third parties without my involvement.

  13. Whilst BB4W will remain a proprietary closed-source product (with free-trial and paid-for versions) BBCSDL will always be absolutely free and I may well release the source code in due course.
Richard.

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FourthStone
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Re: BBC BASIC for SDL 2.0 v0.17a released

Postby FourthStone » Sun Jun 25, 2017 1:28 am

Hi Richard,

I have a question regarding how graphics are drawn in BB4W if you have time to answer?

I am trying to wrap my head around how rectangles and filled rectangles operate, I've noticed that a rectangle fill using the same coords as a rectangle doesn't completely fill in the same area. This does not seem to be an issue with the SDL version but I am having other issues getting my drawing program to work in SDL so I am sticking with BB4W at this time.

I have a small demo program which highlights the issue, if you have to examine and set me straight I would be very thankful and relived as it is driving me a bit bonkers with working out my drawing interface.

EDIT: The xcoord I mentioned in the code below is not right either, I could understand the box not filling all the way up and all the way out but it doesn't make sense that the bottom row is not being filled as that is the first line/y coord, anyway if I can make it work by understanding how it functions then it should be fine for what I am trying to do with it.

Code: Select all

      MODE 22


      REM fill doesn't appear to fill the same region as a same sized rectangle
      GCOL 3

      REM Large outline
      RECTANGLE 8,8,1280,1024

      REM small outline
      RECTANGLE 8,1100,64,64


      GCOL 1

      REM Large fill
      RECTANGLE FILL 8,8,1280,1024

      REM small fill
      RECTANGLE FILL 8,1100,64,64


      a=GET

      REM coords for fill have to be stretched out to appear to work?
      REM y has to start 2 pixels lower and finish 2 pixels higher
      REM x has to finish 2 pixels wider

      GCOL 3
      REM Large outline
      RECTANGLE 8,8,1280,1024

      REM small outline
      RECTANGLE 8,1100,64,64


      GCOL 1
      REM Large file
      RECTANGLE FILL 8,6,1282,1026

      REM small fill
      RECTANGLE FILL 8,1098,66,66


Richard Russell
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Re: BBC BASIC for SDL 2.0 v0.17a released

Postby Richard Russell » Sun Jun 25, 2017 10:10 am

FourthStone wrote:I am trying to wrap my head around how rectangles and filled rectangles operate, I've noticed that a rectangle fill using the same coords as a rectangle doesn't completely fill in the same area.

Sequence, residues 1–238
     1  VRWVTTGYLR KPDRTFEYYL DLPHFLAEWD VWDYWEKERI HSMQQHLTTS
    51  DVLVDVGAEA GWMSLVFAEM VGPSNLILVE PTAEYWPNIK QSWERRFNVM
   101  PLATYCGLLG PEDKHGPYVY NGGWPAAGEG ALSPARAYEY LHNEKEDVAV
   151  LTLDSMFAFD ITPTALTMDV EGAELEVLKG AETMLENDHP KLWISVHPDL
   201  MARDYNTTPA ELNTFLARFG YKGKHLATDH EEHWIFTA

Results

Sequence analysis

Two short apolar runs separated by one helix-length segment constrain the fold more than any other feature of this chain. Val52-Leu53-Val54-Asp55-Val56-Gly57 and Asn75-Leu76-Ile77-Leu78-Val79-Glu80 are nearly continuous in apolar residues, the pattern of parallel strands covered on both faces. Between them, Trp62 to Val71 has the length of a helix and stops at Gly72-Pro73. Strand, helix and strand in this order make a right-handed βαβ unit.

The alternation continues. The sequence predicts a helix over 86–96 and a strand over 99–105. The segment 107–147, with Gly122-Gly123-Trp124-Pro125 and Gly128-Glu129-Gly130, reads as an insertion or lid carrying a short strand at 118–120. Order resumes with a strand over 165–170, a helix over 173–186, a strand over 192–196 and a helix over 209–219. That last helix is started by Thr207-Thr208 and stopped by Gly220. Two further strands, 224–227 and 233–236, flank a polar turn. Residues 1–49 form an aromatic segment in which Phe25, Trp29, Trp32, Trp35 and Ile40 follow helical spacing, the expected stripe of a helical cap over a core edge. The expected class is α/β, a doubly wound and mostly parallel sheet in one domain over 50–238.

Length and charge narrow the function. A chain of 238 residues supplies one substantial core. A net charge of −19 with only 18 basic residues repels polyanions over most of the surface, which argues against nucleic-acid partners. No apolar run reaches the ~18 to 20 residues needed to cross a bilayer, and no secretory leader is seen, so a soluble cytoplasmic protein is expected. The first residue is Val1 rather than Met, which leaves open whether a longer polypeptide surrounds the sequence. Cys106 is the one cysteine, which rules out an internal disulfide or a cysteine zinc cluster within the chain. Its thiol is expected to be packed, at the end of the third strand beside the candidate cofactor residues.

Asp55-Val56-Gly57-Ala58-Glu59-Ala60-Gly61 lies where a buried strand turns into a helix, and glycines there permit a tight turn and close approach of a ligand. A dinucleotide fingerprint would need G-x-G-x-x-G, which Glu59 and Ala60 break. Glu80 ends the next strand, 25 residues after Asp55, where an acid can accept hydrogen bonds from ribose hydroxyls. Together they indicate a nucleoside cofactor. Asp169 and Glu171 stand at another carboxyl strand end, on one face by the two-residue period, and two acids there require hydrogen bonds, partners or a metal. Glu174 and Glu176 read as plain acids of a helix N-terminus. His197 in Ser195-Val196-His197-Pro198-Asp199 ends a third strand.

Does this answer your question? In particular: "Solid shapes, such as filled triangles, rectangles and parallelograms, are drawn using the Windows™ Polygon function. This function treats the supplied vertices in a special way: vertices to the left and top of the polygon are inclusive of the plotted shape whereas vertices to the right and bottom are exclusive ".

Going right back to the BBC Micro there have been ambiguities about precisely what plot commands should do, even things as fundamental as whether the supplied parameters are true coordinates or pixel 'indices'. For example a graphics viewport filling the entire screen might need to be specified as 0;0;1276;1020; rather than 0;0;1280;1024;

As it says in the BB4W docs, I decided to sidestep the entire issue by converting the BBC BASIC coordinates into Windows coordinates in the most straightforward and 'obvious' way, thus leaving it up to the Windows GDI subsystem to determine precisely what happens. You can argue that it was a bit of a cop-out, and it does result in differences between platforms at the individual pixel level, but it makes it easier to mix PLOT and VDU commands with native Windows graphics. Similarly in the SDL version the graphics are drawn using the SDL_gfx subsystem and again one cannot expect that the pixels plotted will be precisely the same as they are on other platforms.

In a perfect world graphics coordinates should be floating-point values rather than integers, and all graphics should be plotted anti-aliased in order to achieve sub-pixel sizes and positions. This ideal is approached by the Windows GDI+ subsystem (GDIPLUS.DLL) and I would have liked to use this in BB4W had it not been for one serious problem: GDI+ does not support the 'logical' (OR, AND, XOR) plotting modes that are required by BBC BASIC.

One compensation is that screen resolutions are increasing all the time, with 'retina' displays with 300 DPI or better native resolution becoming commonplace. This means that 'off by one pixel' errors are far less important than they once were, and indeed the whole idea of drawing a line or curve which is one-pixel thick is a nonsense because it is likely to be invisible.

Richard.

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FourthStone
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Re: BBC BASIC for SDL 2.0 v0.17a released

Postby FourthStone » Mon Jun 26, 2017 1:37 am

Thanks Richard,

I've had a read through (again) of the details on the link provided, I'm sure I've skimmed through it all before but now I'm using it directly it's starting to sink in.

I'll do some tests with various sized fills and rectangles along with some pixel plotting to ensure I am getting precisely the amount of pixels I am requiring.

Only Microsoft could come up with a coordinate system where a height of 200 pixels actually equals 199 :evil: